Get in to the Aria, well getting in isn’t that difficult, well having a foot board would have made things easier. A dual-tone cabin welcomes you; a mix of black with fake wood inserts is what the cabin is colored of. The instrument cluster is a rather simple affair similar to the 4x4 Aria; dials in a mix of silver, white with red needles on them do their job to the core. A 4 spoke flat type steering wheel is large in size but suits the large proportions on this vehicle. This steering can be adjusted for height but not for reach. On steering control buttons for cruise control and Bluetooth voice commands are removed while buttons for, audio/music with a huge Tata logo on the centre are present on the top end 4x2 Prestige variant and the other two variants have to do without the steering mounted control buttons . The steering would have looked better if it had a touch of chrome or a dash of wood insert on it at least for the top end Prestige variant. The centre console houses the LCD screen for the MP3/radio control display. Satellite navigation Bluetooth telephony has been omitted on the 4x2 Aria but the display screen remains the same with an soft blue backlight. Below the screen is the MP3/FM unit that is a single CD player. Under this is the AC unit control dials.The plastic quality on the Aria 4x2 feels as good and rich as the 4x4 version and its good to see that there is no quality compromise on the 4x2 version of the Aria.
Being an MPV/SUV the Aria has lots of storage bins, pockets and can/bottle holders spread across the cabin area. Note worth is the twin glove box of which the top most being internally cooled and lighted and having a nice auto closing door to it. The lower glove box is the normal type. The AC vents are rectangular type on which flow on for the individual vents can be shut when not needed. AUX and USB port is available and more than welcome. The gear shifter is very different to other Tata vehicles in shape and has a nice feel when gripped. Moving to the seats, the Aria 2x4 has fabric upholstery.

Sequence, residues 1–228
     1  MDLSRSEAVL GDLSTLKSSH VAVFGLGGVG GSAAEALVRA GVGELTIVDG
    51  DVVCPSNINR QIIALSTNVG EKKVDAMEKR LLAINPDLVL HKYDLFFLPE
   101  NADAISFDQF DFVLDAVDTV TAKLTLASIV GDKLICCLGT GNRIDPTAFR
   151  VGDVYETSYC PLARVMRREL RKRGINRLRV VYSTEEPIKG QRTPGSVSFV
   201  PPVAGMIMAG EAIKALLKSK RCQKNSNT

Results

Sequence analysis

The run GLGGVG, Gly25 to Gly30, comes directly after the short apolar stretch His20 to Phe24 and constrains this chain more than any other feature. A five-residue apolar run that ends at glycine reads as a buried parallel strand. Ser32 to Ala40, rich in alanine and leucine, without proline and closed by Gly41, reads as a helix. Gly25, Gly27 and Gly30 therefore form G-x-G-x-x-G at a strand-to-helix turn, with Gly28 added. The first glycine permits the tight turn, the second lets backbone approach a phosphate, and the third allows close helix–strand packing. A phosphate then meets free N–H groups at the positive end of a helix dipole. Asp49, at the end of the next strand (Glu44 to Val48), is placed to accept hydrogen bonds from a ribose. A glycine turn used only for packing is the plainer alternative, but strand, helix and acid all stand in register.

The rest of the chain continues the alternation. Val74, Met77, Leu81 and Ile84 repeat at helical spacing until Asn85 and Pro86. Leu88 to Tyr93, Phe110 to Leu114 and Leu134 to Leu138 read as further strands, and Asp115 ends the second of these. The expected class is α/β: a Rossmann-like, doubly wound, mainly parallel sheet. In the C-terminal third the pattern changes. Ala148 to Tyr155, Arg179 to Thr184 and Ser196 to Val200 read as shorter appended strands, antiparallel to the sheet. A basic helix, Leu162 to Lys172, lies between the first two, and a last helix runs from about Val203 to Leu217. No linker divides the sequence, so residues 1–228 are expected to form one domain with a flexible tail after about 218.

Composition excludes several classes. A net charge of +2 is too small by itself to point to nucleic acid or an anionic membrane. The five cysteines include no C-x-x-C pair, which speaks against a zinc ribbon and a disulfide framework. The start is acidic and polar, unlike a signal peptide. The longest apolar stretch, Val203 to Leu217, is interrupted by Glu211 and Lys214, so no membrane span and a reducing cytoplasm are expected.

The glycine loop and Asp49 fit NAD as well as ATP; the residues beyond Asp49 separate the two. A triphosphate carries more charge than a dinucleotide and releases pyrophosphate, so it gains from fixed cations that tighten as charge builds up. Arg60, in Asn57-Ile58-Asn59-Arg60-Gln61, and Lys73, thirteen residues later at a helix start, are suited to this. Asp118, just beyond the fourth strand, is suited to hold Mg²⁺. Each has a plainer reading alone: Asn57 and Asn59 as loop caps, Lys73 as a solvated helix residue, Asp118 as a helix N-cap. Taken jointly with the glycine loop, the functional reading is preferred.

The Driver’s seat has the manual adjust including height for the top end Prestige version while the other two don’t have the height adjust. Front seats are nicely shaped and offer good support to the under thigh and lower back same as that on the Aria 4x4. Cushioning is hard but that’s what is also recommended by the Orthopedic, isn’t it? Individual foldable arm rests for both the front seats offer good support and convenience during long drives, these front seat arm rest are only on the top end version of the Aria 4x2. The middle row seats are very comfortable; the back rest of this row of seat can be adjusted at 3 different angles to suit your comfort level. They got head rests, folding arm rest and are of 40-60 split folding types. This row seats can also be pushed forward or back to suit your posture and leg room. The third row seats are basically meant for only two passengers and are of 50-50 split types, here the leg room is lesser, never the less this is the seat which is most preferred by kids. Let me mention about the AC vents, 4 vents for the centre row (2 in the centre and 2 on the door pillars) and 2 for the 3rd row passengers. Both the centre row and the 3rd row seats can be folded fully extending the boot area on the Aria. Look up and you see not one nor two but 7 foldable storage bins that are placed across the roof line from the 1st row to the 3rd row. So many bins were not needed; 2-3 would have been more than enough I feel. Leg room, head room and shoulder room is abundant and the feel is very cozy once in the cabin.